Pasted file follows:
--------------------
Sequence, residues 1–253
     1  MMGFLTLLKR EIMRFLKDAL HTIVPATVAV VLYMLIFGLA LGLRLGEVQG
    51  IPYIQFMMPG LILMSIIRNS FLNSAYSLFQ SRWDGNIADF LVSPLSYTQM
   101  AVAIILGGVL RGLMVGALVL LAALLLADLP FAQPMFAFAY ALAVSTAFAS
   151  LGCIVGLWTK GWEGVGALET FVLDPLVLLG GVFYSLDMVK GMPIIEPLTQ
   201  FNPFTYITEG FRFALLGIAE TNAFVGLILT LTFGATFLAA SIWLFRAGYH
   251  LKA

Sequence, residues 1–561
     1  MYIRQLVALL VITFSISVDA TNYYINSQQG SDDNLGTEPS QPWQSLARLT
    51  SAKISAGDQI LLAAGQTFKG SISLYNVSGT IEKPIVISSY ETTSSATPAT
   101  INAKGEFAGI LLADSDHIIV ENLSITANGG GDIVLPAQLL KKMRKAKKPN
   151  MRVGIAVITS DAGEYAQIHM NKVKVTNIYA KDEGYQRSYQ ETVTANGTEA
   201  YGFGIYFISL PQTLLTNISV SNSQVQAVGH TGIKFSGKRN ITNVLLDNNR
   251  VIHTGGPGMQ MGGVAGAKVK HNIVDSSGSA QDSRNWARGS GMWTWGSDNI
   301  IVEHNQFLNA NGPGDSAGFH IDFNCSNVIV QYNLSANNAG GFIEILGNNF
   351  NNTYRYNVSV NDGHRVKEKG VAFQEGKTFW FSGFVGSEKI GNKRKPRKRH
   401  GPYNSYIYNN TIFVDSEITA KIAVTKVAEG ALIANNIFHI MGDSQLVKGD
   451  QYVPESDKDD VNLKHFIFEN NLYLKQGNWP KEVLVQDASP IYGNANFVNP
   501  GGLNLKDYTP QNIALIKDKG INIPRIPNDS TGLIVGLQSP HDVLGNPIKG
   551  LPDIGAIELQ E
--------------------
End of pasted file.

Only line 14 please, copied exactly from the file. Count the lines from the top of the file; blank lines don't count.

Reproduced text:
   251  VIHTGGPGMQ MGGVAGAKVK HNIVDSSGSA QDSRNWARGS GMWTWGSDNI